Facebook to limit distribution of political content to U.S. users

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Facebook said Wednesday it would limit the distribution of political content to U.S. users in the coming weeks.

News publishers will not be exempt from the restrictions, Facebook told The Washington Times. Facebook insisted that it is demoting political content across the board so as to not affect a single brand or publisher. The company added that the new approach would not impede publishers’ ability to monetize their content. 

Aastha Gupta, Facebook product management director, wrote on the company’s blog that content about the coronavirus pandemic and content from official government agencies and services would be exempt from the restrictions on political news and information.

“As a first step, we’ll temporarily reduce the distribution of political content in News Feed for a small percentage of people in Canada, Brazil, and Indonesia this week, and the U.S. in the coming weeks,” Ms. Gupta wrote on Facebook’s blog. “During these initial tests we’ll explore a variety of ways to rank political content in people’s feeds using different signals, and then decide on the approaches we’ll use going forward.”

Ms. Gupta said Facebook is not intending to remove all political content from its platforms but aiming to better serve users who do not want to be overwhelmed by political content.

“Our goal is to preserve the ability for people to find and interact with political content on Facebook, while respecting each person’s appetite for it at the top of their News Feed,” Ms. Gupta wrote.

While Facebook has long taken action against pages, groups and users who post information that Facebook deems to have violated its policies, the company’s decision to proactively limit users’ exposure to political content is new territory for the company.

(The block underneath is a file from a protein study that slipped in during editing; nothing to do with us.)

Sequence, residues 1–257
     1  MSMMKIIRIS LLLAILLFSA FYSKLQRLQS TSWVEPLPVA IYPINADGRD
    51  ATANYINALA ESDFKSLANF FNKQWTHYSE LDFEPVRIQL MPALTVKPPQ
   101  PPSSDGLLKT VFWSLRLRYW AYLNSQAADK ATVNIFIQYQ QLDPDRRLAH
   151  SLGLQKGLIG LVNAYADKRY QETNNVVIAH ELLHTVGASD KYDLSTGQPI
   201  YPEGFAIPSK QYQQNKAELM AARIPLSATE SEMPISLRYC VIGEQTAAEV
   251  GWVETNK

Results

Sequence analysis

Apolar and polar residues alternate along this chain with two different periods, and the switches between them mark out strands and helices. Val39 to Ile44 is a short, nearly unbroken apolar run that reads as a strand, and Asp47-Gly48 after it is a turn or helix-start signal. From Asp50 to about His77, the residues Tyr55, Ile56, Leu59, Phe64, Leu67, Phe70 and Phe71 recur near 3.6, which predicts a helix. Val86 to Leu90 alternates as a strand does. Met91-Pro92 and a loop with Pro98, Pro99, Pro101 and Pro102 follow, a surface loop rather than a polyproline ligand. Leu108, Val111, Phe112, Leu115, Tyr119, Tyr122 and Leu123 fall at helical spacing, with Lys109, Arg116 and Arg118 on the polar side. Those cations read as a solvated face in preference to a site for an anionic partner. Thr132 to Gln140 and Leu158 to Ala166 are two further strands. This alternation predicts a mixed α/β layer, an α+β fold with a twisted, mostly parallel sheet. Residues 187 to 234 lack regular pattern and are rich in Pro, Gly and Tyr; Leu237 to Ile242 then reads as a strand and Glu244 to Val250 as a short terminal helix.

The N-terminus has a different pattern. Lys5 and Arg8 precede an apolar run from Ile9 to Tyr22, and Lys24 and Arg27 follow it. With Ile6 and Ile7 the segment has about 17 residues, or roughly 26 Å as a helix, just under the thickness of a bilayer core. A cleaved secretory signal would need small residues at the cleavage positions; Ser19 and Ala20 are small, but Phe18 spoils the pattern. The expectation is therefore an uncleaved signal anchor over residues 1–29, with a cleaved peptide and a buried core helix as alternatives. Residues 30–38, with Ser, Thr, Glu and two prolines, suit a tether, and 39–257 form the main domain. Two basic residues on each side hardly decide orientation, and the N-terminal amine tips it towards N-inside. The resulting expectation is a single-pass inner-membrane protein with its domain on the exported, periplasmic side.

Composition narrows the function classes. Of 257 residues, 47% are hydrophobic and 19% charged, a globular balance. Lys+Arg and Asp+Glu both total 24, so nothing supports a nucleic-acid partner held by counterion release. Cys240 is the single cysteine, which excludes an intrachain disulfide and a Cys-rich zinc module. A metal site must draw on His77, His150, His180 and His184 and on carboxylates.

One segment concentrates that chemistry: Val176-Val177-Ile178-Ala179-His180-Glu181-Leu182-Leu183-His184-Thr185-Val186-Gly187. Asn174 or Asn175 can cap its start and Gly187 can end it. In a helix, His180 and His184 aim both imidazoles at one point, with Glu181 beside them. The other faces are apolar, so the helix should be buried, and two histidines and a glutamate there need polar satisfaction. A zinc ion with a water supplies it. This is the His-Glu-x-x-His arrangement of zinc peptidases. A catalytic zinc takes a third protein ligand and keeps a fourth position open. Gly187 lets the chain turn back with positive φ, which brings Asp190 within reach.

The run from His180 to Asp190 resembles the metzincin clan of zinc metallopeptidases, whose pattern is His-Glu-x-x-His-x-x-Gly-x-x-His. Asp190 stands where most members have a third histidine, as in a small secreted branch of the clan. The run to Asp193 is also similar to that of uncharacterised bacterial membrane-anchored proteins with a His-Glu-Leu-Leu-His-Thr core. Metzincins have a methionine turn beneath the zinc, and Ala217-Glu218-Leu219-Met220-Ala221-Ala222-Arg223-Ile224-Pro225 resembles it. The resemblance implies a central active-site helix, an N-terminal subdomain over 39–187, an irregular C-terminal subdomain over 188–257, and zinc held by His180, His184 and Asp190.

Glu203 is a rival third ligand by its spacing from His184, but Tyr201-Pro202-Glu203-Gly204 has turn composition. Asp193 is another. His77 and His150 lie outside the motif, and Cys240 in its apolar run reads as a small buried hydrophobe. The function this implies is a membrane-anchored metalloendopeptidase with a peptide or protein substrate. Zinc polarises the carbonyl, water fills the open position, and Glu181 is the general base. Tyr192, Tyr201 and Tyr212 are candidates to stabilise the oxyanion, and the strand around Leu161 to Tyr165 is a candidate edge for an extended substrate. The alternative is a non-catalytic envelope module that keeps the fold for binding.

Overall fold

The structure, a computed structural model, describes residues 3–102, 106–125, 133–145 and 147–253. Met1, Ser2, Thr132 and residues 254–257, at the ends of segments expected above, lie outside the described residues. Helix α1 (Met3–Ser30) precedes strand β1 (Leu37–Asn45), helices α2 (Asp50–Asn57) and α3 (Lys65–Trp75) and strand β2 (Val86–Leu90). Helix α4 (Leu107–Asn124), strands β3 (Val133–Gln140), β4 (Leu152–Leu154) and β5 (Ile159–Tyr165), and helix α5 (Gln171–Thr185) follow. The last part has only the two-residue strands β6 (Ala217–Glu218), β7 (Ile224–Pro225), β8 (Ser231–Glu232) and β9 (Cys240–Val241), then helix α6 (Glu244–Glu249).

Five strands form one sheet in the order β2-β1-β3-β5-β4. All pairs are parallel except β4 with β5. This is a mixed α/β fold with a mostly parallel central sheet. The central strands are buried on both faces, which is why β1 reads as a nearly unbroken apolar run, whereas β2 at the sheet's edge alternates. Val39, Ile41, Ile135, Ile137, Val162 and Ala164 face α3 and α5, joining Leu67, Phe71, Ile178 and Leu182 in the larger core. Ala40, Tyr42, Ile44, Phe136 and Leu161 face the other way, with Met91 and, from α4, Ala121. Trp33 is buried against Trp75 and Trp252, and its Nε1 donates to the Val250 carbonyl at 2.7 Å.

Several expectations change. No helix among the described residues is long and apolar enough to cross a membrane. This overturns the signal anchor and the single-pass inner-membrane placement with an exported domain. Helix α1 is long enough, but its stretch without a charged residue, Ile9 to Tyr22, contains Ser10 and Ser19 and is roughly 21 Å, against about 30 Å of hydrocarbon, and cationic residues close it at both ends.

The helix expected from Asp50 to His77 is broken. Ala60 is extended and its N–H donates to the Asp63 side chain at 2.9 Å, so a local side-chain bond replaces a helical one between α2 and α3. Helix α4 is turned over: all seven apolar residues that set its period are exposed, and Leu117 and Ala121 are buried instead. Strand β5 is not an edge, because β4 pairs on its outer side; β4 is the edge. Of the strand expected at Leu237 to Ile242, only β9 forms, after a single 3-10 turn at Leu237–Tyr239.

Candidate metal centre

Facebook CEO Mark Zuckerberg signaled the shift in a conference call announcing the company’s earnings at the end of January where he said the company was toying with different approaches to “reduce the amount of political content” users see in their News Feed.

“We want these [political] discussions to be able to keep happening, but one of the top pieces of feedback we’re hearing from our community right now is that people don’t want politics to take over their experience on our services, Mr. Zuckerberg said on the call, according to a transcript published by Facebook. “So one theme for this year is that we’re going to continue to focus on helping millions more people participate in healthy communities, and we’re going to focus even more on being a force for bringing people closer together.”

The social media company previously banned former President Trump from its platforms while he remained in office and has extended the ban indefinitely. The banishment of Mr. Trump is undergoing a review by Facebook’s oversight board, which is responsible for reviewing enforcement and governance matters on Facebook platforms.

While the board is organized as a separate entity from Facebook, it functions with a $130 million trust from Facebook

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